But Takuma Nakamura, who is responsible for engine control systems development at Nissan, gave evidence that any such fault would have been recorded in the vehicle’s on-board computer.

‘In my opinion, for some reason the accelerator has been stepped on,’ he said.

However on Monday the court heard from two Nissan owners who came forward after reading about Mrs Diggles’ claims.

Sharon Davies, of Marford, near Wrexham, told how she was turning into her drive after a Tai Chi class on January 10 when her automatic Nissan Juke lunged forward and knocked over the garden wall.

‘Just as I had turned into my parking space the car made a funny clunking noise and almost came to a stop, and I remember thinking the car was going to stall,’ she said.

‘I went to touch the accelerator and the car just ploughed forward into the wall much quicker than I would have expected it to have done.’

The vehicle had been MoTd and serviced the previous week, but when she took it back to her local Nissan dealership she was told it had been tested and no fault was found, she told the court.

Mrs Davies said after the collision, which happened while her three-year-old son was in the car, she lost confidence in the vehicle and had now part-exchanged it for a different make.

Another woman, Naomi Taylor, said her 2015 Nissan Qashqai had suddenly sped up as she turned into her mother’s drive, causing her to miss her turning.

‘I just needed to concentrate and look out for any pedestrians,’ she said. ‘I am absolutely clear that I did not have my foot on the accelerator at the time when the vehicle sped off.’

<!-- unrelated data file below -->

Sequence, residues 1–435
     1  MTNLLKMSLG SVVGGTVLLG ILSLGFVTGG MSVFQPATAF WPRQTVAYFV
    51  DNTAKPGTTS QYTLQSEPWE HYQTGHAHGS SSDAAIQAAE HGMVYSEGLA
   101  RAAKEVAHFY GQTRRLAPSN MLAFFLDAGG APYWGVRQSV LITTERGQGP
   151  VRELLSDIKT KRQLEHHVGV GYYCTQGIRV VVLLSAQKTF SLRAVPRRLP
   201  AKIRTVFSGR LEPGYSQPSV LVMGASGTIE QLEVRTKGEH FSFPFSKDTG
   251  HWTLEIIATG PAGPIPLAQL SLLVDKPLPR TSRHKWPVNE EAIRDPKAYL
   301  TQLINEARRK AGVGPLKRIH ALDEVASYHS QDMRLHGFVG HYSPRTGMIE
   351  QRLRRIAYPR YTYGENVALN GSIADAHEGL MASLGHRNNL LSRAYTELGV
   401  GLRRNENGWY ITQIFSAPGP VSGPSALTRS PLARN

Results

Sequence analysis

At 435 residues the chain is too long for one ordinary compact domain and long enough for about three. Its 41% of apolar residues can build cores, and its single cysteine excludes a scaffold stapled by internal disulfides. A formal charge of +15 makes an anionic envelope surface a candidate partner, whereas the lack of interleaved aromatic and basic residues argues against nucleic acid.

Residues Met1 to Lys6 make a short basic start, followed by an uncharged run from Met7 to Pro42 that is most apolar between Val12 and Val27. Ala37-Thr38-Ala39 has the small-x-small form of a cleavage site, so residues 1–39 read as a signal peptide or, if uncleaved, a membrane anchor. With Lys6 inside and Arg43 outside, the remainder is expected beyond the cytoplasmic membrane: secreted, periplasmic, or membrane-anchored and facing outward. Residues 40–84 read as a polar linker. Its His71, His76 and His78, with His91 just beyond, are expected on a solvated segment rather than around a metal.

Nissan found no electronic malfunction with the car, the court was told, and the vehicle was returned to her.

In his closing speech to the jury, defence barrister Alistair MacDonald QC said their accounts ‘provided powerful support that these surges of acceleration do in fact happen’ and it was ‘not a theory’.

The prosecution cautioned jurors they were not being asked to decide whether sudden acceleration could happen but whether they were sure the defendant pressed the wrong pedal.

Yesterday Mrs Diggles sat in the dock in tears after the jury cleared of her causing death by dangerous driving or by careless driving.

Following the verdicts, trial judge Mr Justice Fraser said: ‘I would like to put on the record that both Miss Taylor and Mrs Davies are to be commended for the efforts that they individually took to contact the defence and come to court at very short notice.’

Mrs Diggles later left court without commenting.

Last night Nissan said its experts had thoroughly examined her car and had not found any faults which could have caused the accident.

‘This verdict does not reflect on the safety of the vehicle, the only issue to be decided in this case was whether the driving of the defendant was dangerous or careless and caused the death of the victim,’ it said in a statement.

‘The prosecution was unable to prove this beyond reasonable doubt.’

A spokesman added: ‘The Qashqai has an exemplary safety record, and has been tested and complies with all safety regulations in all markets.

‘Both Nissan and the police have concluded that the vehicle was operating as expected and with no fault that could have contributed to this tragic set of circumstances.’

A spokesman for Which? said it had not been informed of similar incidents. Both the AA and RAC declined to comment.